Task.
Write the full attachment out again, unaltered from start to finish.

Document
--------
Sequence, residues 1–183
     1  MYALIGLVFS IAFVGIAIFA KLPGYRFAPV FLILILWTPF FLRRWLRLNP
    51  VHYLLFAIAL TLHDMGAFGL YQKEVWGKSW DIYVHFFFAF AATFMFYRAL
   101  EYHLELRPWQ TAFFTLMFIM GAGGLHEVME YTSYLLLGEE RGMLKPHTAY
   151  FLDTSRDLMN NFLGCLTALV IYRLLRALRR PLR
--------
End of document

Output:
Sequence, residues 1–183
     1  MYALIGLVFS IAFVGIAIFA KLPGYRFAPV FLILILWTPF FLRRWLRLNP
    51  VHYLLFAIAL TLHDMGAFGL YQKEVWGKSW DIYVHFFFAF AATFMFYRAL
   101  EYHLELRPWQ TAFFTLMFIM GAGGLHEVME YTSYLLLGEE RGMLKPHTAY
   151  FLDTSRDLMN NFLGCLTALV IYRLLRALRR PLR